“The 11th was employed in refitting the schooner, and embarking provisions and water. The Solebay and Derwent were ordered to anchor opposite the post of Babagué, and bombard it, which was executed with much effect. During the night, in shifting her berth, the Solebay unfortunately got aground, but in a position which enabled her still to annoy the enemy. On the morning of the 12th the troops were embarked, and the flotilla proceeded up the river, till just without gun-shot of the enemy’s line of defence, and when every thing was in readiness for a night attack, we received information that it was the intention of the French commandant to capitulate[3].

“Willing, to spare an unnecessary effusion of human blood, the attack was postponed. On the morning of the 13th we discovered that the boom was broken, that the enemy had abandoned the battery and vessels, leaving their colours flying, and shortly afterwards a letter was received from Messrs. Degrigny and Durecu, in the name of the commandant of Senegal, offering to capitulate. Mr. Heddle, surgeon to the forces, who had acted as my aide-de-camp during the campaign, was sent forward to treat with these gentlemen, and soon returned with the articles of capitulation, which we ratified. I immediately took possession of the battery of Isle aux Anglois, and in the course of the evening, of the battery of Guêtendar facing the town. Next morning the garrison laid down their arms and were embarked. We then found that the force which had been employed against us amounted to 160 regular soldiers, and 240 militia and volunteers. * * * * * * *.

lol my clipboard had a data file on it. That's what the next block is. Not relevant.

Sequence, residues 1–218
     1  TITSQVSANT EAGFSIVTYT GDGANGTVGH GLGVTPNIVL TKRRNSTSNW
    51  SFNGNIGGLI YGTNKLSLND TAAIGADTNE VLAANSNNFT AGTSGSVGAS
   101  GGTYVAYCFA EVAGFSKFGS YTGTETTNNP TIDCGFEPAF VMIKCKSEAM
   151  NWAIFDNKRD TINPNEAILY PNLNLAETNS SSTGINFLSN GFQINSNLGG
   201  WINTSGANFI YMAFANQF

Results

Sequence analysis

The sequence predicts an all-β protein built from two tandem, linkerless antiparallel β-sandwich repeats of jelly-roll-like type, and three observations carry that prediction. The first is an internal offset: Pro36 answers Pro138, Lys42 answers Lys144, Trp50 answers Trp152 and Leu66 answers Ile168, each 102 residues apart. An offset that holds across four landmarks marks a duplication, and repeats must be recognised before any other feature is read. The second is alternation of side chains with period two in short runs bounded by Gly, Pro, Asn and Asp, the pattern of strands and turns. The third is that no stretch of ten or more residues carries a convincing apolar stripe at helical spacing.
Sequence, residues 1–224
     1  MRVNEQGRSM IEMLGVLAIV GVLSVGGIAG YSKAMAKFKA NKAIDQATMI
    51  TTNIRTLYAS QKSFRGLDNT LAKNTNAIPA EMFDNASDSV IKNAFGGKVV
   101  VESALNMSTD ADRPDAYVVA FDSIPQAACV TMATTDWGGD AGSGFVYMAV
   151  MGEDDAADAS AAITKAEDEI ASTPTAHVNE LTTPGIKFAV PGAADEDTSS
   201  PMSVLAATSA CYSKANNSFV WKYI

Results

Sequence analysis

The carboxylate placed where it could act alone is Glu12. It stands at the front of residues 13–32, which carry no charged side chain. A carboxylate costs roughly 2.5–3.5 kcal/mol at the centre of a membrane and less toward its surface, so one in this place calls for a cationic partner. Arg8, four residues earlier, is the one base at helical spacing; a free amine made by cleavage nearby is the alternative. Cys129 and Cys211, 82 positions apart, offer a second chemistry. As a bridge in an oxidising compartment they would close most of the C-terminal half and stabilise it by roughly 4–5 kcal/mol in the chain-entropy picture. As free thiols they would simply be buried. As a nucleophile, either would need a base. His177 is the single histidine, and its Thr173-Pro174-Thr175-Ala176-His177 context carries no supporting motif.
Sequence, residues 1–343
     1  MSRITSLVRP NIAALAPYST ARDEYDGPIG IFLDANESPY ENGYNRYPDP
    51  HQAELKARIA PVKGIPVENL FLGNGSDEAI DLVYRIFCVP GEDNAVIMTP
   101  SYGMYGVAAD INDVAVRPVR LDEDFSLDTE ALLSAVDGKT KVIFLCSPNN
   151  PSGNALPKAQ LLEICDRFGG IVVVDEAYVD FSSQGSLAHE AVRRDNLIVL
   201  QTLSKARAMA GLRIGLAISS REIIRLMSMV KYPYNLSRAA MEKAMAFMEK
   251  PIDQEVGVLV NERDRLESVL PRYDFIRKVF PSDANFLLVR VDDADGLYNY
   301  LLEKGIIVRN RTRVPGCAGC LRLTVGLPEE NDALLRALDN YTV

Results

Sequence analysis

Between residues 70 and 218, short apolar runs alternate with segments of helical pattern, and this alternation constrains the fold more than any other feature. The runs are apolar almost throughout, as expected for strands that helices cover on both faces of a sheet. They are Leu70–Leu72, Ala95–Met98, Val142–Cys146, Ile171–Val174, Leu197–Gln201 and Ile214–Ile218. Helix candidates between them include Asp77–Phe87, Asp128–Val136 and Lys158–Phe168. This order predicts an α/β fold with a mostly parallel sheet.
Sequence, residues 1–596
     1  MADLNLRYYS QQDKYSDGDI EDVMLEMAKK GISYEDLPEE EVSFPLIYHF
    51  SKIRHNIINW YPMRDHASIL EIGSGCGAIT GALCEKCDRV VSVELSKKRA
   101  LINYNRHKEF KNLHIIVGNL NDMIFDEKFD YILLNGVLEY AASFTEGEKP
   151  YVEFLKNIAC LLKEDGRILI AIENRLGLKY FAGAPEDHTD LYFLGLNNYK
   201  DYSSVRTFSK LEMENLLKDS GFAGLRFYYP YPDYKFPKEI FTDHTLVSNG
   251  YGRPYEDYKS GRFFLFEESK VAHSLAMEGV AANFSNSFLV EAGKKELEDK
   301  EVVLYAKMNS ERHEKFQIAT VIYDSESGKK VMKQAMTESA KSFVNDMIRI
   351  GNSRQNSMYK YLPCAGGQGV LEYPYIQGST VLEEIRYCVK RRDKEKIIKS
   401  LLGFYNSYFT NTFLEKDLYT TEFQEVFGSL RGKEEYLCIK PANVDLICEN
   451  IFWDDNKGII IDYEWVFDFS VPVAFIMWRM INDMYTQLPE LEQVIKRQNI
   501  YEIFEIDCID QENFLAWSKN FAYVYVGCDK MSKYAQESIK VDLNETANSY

“In accomplishing this service, the officers and soldiers of the army were anxious to equal their brothers of the navy, who on all occasions distinguished themselves. I feel much satisfaction in having enjoyed the confidence of Commodore Columbine, whose exertions and ability contributed so effectually to our success[4]. I beg to bear testimony to the indefatigable and zealous exertions of Captain Tetley, Lieutenant Bones, and the other officers of the royal navy and marines * * * * *.”

(Signed)Chas. W. Maxwell, Major, Royal African Corps.”

The ordnance found mounted in the garrison of Senegal consisted of 28 long 24-pounders, 4 brass mortars and howitzers, 2 field-pieces, and 14 guns of small calibre. The only loss sustained by the English on this service, was that of Captain Frederick Parker, of the Derwent, Mr. Francis Atterbury Sealy, midshipman of that sloop, and 6 seamen, drowned in attempting to cross the bar; 1 military officer, who died in consequence of the intense heat, when charging the enemy, in the affair of the 11th; and 1 soldier wounded. We next find Captain Tetley commanding the Guadaloupe brig, mounting fourteen 24-pounder carronades, and 2 long sixes, with a complement of 102 officers, men, and boys, on the Mediterranean station.

On the 27th June, 1811, being then off Cape de Creux, Captain Tetley discovered and chased two strange sail to leeward, which afterward proved to be the French national brig Tactique, of 16 carronades, the same calibre as her own, and 2 long 8-pounders, with at least 150 men and boys; and the xebec Guêpe, of 2 long 18-pounders, 6 light carronades, and about 70 men and boys.